Confession: I hate ‘English’ Nollywood movies. The diction is entirely selected and used only to insult anyone who has a half-decent command of the language. Pronunciations in Nollywood are usually forced, with stressed and unstressed syllables jumbled up. If the director is good and corrects the thespian often, the actor becomes conscious and makes even greater efforts with much discomfort to speak fluently…and this comes across all too clearly to the viewer. And as if the ‘English’ isn’t fake enough, the setting usually seems too exotic and I wonder how many of us who view these movies live our lives like that.
Yoruba movies interest me only because they speak the language with the ease of a natural speaker but the plot is often too watery and I find the use of flashbacks and suspense too prosaic to add any value to the movie. Tunde Kelani makes much sense but its becoming easier to flaw his movies these days. I found a rising star in Kunle Afolayan but the plot of ARAROMIRE (THE FIGURINE) just went awry at the end.
If you have never watched a Hausa movie, please do so this week. Their subtitles are better than Yoruba movies to start with and the acting is unbelievably professional…unbelievable for some that is but I’ve always known that the Hausas have the best actors. I grew up watching Behind the Clouds, Mirror in the Sun, Cock-crow at Dawn, Riddles and Hopes etc that had great actors such as Sadiq Daba, Matt Dadzie, Gladys Dadzie, Zack Amata etc, all from the Jos axis of the thespian world. Acting these days relies more on your physical ability to sell movies via posters especially if you have the right curves and can give the producer a nice time…in bed.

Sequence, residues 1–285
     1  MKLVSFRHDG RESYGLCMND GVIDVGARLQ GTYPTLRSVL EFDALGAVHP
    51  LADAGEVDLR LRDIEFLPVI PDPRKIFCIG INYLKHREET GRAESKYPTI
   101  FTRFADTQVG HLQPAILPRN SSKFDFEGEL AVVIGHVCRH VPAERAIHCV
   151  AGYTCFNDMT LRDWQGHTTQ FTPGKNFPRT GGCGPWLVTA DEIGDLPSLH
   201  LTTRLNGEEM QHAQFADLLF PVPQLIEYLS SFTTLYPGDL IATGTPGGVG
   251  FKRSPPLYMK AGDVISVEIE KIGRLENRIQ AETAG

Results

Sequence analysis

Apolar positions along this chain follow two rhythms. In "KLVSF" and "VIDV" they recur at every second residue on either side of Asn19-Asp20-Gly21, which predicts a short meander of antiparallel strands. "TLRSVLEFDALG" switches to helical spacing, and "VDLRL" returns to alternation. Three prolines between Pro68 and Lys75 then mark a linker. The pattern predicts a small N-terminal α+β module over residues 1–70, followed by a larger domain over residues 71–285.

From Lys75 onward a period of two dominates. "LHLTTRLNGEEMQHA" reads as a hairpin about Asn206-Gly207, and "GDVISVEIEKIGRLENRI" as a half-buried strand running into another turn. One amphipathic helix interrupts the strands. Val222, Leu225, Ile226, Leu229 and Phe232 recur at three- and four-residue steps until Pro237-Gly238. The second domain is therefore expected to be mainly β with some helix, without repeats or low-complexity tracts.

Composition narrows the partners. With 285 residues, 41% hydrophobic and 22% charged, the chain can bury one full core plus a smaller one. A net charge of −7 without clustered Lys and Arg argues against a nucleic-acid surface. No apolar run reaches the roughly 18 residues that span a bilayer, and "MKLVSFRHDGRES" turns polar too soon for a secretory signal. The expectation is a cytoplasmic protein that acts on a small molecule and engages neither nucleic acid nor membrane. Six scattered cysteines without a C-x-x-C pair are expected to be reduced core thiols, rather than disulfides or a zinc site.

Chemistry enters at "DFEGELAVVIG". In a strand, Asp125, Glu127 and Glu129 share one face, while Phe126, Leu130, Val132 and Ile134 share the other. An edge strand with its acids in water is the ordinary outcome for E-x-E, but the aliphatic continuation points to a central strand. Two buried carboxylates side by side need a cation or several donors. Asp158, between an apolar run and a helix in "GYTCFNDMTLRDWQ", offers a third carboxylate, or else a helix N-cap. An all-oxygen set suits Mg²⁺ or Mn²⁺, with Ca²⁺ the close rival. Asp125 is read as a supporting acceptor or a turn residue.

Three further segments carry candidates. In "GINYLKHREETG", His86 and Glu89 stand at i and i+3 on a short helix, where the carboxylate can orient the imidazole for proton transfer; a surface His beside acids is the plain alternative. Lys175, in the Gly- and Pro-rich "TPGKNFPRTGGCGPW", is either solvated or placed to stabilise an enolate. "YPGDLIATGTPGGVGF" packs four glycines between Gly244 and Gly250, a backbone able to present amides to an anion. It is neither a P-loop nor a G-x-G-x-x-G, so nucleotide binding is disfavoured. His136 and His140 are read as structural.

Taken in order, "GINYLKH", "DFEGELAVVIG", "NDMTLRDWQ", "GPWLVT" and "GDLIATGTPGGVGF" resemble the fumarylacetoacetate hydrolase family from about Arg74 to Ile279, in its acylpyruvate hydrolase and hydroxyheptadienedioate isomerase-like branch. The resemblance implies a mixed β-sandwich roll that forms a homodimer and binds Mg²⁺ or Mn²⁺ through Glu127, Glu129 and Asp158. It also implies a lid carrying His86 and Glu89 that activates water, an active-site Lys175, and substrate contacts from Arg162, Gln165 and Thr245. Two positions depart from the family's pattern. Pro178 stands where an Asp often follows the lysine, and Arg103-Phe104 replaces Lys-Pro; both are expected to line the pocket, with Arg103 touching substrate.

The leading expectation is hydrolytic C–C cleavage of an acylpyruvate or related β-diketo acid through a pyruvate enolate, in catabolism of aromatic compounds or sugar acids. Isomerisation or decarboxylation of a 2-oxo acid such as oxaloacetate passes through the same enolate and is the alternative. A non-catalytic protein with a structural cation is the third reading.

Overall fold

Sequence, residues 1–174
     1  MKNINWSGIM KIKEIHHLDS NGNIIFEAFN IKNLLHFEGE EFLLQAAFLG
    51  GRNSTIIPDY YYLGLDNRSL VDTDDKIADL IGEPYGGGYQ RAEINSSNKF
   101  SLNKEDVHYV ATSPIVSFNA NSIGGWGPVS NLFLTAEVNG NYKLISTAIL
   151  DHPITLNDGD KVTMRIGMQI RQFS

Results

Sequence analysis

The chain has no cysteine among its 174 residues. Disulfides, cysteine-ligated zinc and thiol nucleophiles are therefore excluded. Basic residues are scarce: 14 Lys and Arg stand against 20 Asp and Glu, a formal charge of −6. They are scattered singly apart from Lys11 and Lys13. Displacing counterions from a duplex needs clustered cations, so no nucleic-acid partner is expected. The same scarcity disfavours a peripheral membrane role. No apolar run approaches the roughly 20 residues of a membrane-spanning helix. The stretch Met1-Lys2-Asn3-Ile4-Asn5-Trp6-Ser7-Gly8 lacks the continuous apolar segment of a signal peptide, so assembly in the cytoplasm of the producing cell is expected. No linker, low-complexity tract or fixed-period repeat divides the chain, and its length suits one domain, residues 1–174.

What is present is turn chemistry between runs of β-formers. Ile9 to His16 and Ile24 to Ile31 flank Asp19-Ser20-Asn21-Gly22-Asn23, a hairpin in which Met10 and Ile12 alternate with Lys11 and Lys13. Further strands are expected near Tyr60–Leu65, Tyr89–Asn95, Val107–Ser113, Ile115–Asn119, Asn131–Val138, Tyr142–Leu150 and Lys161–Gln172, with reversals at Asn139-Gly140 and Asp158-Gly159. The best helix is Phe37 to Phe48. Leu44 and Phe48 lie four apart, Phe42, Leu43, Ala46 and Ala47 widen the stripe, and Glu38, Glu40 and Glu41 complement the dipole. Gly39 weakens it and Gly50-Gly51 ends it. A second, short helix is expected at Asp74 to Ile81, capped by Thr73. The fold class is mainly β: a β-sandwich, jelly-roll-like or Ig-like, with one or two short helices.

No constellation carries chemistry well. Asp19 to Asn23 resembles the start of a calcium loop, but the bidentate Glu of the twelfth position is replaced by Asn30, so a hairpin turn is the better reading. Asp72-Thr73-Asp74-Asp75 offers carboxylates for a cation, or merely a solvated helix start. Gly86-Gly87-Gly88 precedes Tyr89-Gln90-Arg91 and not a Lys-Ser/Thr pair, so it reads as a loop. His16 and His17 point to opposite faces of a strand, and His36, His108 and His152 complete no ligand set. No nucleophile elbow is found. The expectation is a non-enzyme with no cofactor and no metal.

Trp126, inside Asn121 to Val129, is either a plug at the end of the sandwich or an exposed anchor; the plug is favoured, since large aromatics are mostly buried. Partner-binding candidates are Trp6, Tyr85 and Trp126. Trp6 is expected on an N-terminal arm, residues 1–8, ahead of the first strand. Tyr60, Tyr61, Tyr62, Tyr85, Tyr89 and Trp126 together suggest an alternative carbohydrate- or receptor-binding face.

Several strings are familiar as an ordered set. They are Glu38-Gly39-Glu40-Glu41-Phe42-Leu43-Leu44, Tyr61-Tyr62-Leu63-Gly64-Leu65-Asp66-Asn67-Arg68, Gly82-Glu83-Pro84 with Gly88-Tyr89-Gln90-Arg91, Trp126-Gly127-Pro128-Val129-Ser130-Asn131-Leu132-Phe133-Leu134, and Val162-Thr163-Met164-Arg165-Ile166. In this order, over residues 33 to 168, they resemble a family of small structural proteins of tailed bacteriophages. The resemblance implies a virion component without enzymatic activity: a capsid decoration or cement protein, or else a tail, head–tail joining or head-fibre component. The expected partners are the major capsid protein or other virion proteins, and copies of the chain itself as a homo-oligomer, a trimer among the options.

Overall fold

I need to say this though: I respect an industry that grew from low budget (and lowly planned) movies into a major export from Nigeria to the rest of Africa and the world. These guys work in amazing conditions (often powered only by small generators and abundant hope) yet manage to produce movies that are celebrated by hundreds of thousands…but rarely impress me. If you remember watching Kenneth Okonkwo star in the movie ‘LIVING IN BONDAGE’, you would see how far this industry has come.
Our South-African cousins have long left us behind in movie-making though. Those born in the 80s would remember the movie ‘SARAFINA’ which starred Whoopie Goldberg. But with the death of apartheid, they seem to have run out of story-lines and are too professional to resort to the watery plots of Nollywood so they produce exceptional movies only once in a while.
Perhaps the most embarrassing aspect of Nollywood are the movie titles but only two will suffice for me to mention: BLACKBERRY BABES and 2GO BABES…seriously: how unimaginative can these guys get?
I must confess my love for the Nigerian theatre because of the tense atmosphere borne of the risk of an actor forgetting his lines. That’s why I’m usually the first to start the applause at Terra Kulture, Wale Oguntokun’s chosen house of drama